According to an investigation by the Washington Post and 16 news agencies, military-grade spyware licensed by Israeli spyware firm NSO Group hacked more than 50,000 smartphones across the world. It is said to have been used to surveil reporters, human rights activists, and business executives.
Military-grade Israeli spyware was used in attempted and successful hacks of 37 smartphones belonging to journalists, human rights activists, business executives and the fiancee of murdered Saudi journalist Jamal Khashoggi, a global investigation finds. https://t.co/X0LbRPAy0l
— The Washington Post (@washingtonpost) July 18, 2021
The report found NSO’s Pegasus spyware, licensed to governments for tracking criminals and terrorists, used to hack 37 smartphones of journalists and human rights activists.
The NSO’s Pegasus Spyware can literally transform any smartphone into a surveillance device by activating cameras and microphones without the user knowing.
It can also be installed without the user initiating the download itself. Once the smartphone is infected, all the information on the phone, including call records, emails, text messages, and photos, can be accessed.
The report by The Washington Post said more than 50,000 numbers had been believed to be targeted. The complete list was shared with the news agencies by Forbidden Stories and Amnesty International.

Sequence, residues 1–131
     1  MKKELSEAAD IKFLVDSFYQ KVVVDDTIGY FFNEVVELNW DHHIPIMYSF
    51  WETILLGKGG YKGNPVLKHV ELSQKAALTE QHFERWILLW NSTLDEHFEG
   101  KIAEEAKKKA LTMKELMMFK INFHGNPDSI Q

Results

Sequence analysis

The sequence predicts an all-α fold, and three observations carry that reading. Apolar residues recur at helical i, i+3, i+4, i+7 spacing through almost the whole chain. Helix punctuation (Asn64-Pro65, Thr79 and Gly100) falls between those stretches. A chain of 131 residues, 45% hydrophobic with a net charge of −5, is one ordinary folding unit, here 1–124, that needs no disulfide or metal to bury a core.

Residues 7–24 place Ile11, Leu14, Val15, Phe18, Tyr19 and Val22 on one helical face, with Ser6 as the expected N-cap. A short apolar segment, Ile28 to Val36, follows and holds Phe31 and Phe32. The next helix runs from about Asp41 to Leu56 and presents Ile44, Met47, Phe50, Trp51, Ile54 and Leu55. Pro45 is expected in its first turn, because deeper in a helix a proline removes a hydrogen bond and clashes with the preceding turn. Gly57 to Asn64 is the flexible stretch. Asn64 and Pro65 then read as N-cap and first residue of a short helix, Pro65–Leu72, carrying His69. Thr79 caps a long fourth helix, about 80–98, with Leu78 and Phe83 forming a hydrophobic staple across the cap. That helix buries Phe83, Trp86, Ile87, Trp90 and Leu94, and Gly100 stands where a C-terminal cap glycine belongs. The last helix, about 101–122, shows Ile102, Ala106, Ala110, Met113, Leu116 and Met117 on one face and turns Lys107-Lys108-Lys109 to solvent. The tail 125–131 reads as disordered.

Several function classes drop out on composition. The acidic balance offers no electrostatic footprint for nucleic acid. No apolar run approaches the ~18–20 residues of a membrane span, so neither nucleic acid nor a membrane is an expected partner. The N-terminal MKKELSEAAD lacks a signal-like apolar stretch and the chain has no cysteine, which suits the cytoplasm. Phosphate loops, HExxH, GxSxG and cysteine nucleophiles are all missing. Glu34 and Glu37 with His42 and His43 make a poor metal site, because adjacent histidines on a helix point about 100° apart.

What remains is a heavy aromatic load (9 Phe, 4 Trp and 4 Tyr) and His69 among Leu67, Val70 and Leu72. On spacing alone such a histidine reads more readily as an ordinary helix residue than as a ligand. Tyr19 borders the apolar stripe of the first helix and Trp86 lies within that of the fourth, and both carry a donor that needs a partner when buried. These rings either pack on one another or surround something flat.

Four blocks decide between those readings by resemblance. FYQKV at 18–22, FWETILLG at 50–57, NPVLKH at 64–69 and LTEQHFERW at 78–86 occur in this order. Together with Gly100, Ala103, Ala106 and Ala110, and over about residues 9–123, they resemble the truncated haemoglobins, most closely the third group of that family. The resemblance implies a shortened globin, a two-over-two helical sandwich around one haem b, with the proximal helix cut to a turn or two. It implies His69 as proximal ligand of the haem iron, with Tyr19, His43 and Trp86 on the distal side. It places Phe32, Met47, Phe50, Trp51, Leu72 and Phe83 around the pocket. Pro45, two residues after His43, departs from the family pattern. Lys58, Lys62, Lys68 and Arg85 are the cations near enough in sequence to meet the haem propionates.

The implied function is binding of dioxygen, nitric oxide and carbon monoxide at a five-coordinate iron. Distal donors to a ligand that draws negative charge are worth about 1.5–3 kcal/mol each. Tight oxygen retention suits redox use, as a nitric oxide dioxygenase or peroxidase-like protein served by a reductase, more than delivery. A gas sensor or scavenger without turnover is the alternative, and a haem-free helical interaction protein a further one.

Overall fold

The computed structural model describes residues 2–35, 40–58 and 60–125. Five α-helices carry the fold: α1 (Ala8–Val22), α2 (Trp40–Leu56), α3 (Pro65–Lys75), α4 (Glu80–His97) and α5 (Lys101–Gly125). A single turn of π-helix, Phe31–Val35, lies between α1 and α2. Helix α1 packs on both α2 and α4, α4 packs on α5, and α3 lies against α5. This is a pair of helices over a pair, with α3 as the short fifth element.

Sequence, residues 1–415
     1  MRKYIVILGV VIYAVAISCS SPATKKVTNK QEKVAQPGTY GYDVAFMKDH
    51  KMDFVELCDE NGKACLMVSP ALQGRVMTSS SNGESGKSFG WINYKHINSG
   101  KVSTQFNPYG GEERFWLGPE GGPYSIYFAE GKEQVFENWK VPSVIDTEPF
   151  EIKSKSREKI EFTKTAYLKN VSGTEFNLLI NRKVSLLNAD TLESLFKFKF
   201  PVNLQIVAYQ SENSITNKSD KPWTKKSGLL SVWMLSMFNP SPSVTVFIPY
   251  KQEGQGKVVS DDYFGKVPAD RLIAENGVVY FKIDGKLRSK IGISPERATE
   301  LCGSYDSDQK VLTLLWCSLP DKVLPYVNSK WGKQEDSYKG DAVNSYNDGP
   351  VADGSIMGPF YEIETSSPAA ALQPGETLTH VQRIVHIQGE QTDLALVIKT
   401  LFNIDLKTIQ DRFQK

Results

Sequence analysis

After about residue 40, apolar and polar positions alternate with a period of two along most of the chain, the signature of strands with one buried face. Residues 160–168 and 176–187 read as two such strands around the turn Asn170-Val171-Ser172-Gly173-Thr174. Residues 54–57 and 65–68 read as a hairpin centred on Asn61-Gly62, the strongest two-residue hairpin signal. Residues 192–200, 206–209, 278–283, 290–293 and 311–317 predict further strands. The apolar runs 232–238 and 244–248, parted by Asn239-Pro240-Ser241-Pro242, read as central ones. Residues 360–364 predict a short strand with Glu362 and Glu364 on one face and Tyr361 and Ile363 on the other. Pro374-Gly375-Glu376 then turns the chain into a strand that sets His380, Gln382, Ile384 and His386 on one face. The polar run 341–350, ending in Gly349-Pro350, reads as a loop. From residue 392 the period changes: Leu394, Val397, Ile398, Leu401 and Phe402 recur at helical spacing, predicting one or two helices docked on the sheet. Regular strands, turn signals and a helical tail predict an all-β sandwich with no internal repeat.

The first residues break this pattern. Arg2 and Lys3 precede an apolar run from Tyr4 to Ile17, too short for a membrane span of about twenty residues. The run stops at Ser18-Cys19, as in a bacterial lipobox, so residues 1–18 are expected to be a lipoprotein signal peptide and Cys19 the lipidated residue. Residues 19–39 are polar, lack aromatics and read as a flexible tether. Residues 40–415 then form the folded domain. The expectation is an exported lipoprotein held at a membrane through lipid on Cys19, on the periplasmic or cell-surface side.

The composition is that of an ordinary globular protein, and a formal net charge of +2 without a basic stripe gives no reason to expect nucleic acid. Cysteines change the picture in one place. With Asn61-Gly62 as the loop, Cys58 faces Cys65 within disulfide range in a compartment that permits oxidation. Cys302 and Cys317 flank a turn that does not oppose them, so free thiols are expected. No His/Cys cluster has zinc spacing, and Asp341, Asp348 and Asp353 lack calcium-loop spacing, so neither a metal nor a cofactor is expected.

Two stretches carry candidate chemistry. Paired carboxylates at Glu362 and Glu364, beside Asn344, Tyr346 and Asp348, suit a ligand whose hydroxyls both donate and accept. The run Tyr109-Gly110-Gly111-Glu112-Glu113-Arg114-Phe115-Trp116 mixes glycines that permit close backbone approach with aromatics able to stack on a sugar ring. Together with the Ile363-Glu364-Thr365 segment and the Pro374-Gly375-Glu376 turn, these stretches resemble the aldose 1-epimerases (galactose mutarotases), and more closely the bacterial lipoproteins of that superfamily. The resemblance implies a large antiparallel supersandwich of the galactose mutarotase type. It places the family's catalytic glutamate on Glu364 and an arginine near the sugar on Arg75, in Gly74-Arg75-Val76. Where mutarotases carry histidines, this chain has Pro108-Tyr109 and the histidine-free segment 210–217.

Great explainer & round-up of global scale of NSO Pegasus leak. Massive database of 50k numbers, journalists & government critics across the world targeted for surveillance.
— Carole Cadwalladr (@carolecadwalla) July 18, 2021
According to the list, 15,000 numbers were in Mexico belonging to journalists, union representatives, and politicians. 300 targeted smartphones were reported in India, including journalists from major publications like the Hindustan Times, The Hindu, and the Indian Express.
Citizen Lab Report on Pegasus Spyware
The Citizen Lab, a research center at the University of Toronto, previously reported the use of Pegasus spyware to hack phones of reporters and journalists of Al-Jazeera.
Citizen Lab reported in December that more than 40+ journalists at the Al Jazeera network had been targeted by Pegasus.
Similarly, in June 2020, Amnesty International reported that the Moroccan authorities used NSO’s Pegasus spyware on the mobile phone of Omar Radi, a journalist convicted over a 9-month old tweet criticizing a judge.